Jean Todt has lashed out at teams who are criticising the 'new' face of formula one. Ahead of his much-vaunted meeting on Sunday with Bernie Ecclestone and Luca di Montezemolo, the FIA president hit...
Jean Todt has lashed out at teams who are criticising the 'new' face of formula one.
Ahead of his much-vaunted meeting on Sunday with Bernie Ecclestone and Luca di Montezemolo, the FIA president hit back at criticisms of the sport in the wake of revolutionary rule changes.
"Making a judgement after two races is like George Lucas or Brad Pitt speaking ill of their next film -- (as if to say) 'don't come to the movie!'" Todt told Germany's Auto Motor und Sport in Bahrain.
The Frenchman admitted he suspects the criticisms are being made because those complaining loudest are struggling to keep up with dominant Mercedes.
"Mercedes, Renault and Ferrari knew for five years what engines they would need to use this year," said Todt. "Mercedes has simply done a better job.
"Such is motor sport," he insisted.
Todt said the only potentially valid criticism is about the quieter noise made by the turbo V6s.
"I can understand if people think the sound is too quiet," said Todt. "So we will look at ways we can make them a little louder."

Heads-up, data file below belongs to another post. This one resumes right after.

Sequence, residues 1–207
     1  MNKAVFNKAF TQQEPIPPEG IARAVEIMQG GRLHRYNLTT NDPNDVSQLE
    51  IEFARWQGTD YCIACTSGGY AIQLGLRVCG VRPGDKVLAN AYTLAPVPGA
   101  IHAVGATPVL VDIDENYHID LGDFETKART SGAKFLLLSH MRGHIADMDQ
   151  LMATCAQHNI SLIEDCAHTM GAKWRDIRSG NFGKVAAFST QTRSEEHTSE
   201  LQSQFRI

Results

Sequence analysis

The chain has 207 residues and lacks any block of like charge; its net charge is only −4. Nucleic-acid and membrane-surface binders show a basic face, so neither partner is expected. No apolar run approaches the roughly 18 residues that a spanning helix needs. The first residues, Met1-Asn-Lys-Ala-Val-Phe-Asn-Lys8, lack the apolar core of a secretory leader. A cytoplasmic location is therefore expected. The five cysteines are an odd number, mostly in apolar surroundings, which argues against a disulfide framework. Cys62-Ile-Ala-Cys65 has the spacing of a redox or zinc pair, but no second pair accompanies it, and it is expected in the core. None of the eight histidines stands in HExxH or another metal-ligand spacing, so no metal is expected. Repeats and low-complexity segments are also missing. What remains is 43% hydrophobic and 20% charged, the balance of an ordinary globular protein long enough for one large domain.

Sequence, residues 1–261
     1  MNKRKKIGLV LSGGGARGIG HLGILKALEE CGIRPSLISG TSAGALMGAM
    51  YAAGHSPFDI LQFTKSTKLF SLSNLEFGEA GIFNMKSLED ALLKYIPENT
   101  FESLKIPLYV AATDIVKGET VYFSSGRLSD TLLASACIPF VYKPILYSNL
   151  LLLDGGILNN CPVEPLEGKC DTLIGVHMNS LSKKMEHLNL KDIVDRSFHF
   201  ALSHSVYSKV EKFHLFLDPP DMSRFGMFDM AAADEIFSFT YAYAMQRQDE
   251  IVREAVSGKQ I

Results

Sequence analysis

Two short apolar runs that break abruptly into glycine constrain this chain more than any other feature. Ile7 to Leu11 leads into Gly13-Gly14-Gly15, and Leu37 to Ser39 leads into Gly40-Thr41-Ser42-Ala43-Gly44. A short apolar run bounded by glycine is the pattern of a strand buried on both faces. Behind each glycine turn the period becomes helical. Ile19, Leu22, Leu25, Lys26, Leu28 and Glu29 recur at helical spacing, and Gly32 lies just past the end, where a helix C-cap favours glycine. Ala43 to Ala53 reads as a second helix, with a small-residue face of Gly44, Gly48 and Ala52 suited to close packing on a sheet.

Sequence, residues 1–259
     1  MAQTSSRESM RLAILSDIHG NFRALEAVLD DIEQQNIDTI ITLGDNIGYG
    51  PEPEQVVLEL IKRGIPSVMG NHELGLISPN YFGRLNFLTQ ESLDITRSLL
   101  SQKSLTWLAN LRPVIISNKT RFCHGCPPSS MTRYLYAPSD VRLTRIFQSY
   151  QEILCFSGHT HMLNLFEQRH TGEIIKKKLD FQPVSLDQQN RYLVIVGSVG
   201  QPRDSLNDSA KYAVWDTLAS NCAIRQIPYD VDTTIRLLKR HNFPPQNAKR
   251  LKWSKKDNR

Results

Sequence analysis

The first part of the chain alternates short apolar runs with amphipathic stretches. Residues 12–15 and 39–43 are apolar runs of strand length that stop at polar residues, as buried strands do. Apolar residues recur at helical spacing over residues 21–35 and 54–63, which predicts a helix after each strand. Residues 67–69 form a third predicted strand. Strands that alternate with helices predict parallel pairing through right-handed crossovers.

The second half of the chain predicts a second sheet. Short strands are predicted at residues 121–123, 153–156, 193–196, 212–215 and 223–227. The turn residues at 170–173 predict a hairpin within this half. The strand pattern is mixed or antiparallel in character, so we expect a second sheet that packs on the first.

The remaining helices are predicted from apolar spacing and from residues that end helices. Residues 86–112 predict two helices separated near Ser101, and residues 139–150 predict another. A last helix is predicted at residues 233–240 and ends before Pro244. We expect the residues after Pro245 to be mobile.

As for suggestions F1 should axe the fuel flow rule, he explained: "I could live without it, but the engineers tell me that then we would need ten engines per year instead of five."
Todt was particularly critical of his former Ferrari boss, president Montezemolo, who has slammed the new fuel limits as having turned F1 into an "economy run".
"Luca should first talk with his engineers and then he would be better informed," he said.
"There has always been fuel saving, even with the V8 engines of last year. How many times did we hear on the radio 'you have to save fuel'?"
Another rule change proposed by the naysayers is a relaxing of the engine 'freeze', but Todt said: "Everyone would have to agree, but why should the Mercedes teams do that?"
Indeed, Mercedes' Toto Wolff rejected the theory the rules need to be urgently changed because F1 is now too slow.
"We are eight tenths off pole from last year ... so what are we talking about?" said the Austrian.
"We are in a brilliant technical revolution and we are talking the sport down. Is it because we have an agenda?"
He ruled out rule mid-season changes, saying tweaks are only possible for 2015, "but I don't see that happening," he told reporters.
"Apparently some (teams) are saying 'we haven't managed to make the car efficient and fast with 100 kilograms (of fuel), so let's add 10 kilograms -- sorry, we didn't do our job in the way we should have done'.
"I find this whole discussion absurd," said Wolff.
His Mercedes colleague, Niki Lauda, also ruled out agreeing to rule changes within 2014.
"Otherwise, why didn't everything change last year, when Red Bull was always winning?" he is quoted by Italy's Autosprint.
Lauda was particularly critical of the reigning world champions' griping.
"(Last year) I was happy for him. But now I say to him 'Helmut (Marko), you can't always win!
"The new rules were decided five years ago. They are fact and we have to live with it.
"Red Bull at the moment is not behaving in accordance with its supposedly fun and energetic image," Lauda charged.